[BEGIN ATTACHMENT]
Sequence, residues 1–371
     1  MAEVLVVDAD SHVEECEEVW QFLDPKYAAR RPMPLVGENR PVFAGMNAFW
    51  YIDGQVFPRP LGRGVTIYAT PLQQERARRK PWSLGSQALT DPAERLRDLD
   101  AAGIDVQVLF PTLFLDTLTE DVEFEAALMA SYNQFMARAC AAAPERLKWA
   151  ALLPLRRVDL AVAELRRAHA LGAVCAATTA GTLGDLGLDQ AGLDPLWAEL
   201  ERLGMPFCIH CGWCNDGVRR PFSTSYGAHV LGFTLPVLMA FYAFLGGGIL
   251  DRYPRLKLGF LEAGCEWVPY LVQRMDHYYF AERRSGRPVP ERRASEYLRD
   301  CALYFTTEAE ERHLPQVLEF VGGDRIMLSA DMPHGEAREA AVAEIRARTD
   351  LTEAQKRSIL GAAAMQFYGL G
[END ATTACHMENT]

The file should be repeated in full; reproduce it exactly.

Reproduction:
Sequence, residues 1–371
     1  MAEVLVVDAD SHVEECEEVW QFLDPKYAAR RPMPLVGENR PVFAGMNAFW
    51  YIDGQVFPRP LGRGVTIYAT PLQQERARRK PWSLGSQALT DPAERLRDLD
   101  AAGIDVQVLF PTLFLDTLTE DVEFEAALMA SYNQFMARAC AAAPERLKWA
   151  ALLPLRRVDL AVAELRRAHA LGAVCAATTA GTLGDLGLDQ AGLDPLWAEL
   201  ERLGMPFCIH CGWCNDGVRR PFSTSYGAHV LGFTLPVLMA FYAFLGGGIL
   251  DRYPRLKLGF LEAGCEWVPY LVQRMDHYYF AERRSGRPVP ERRASEYLRD
   301  CALYFTTEAE ERHLPQVLEF VGGDRIMLSA DMPHGEAREA AVAEIRARTD
   351  LTEAQKRSIL GAAAMQFYGL G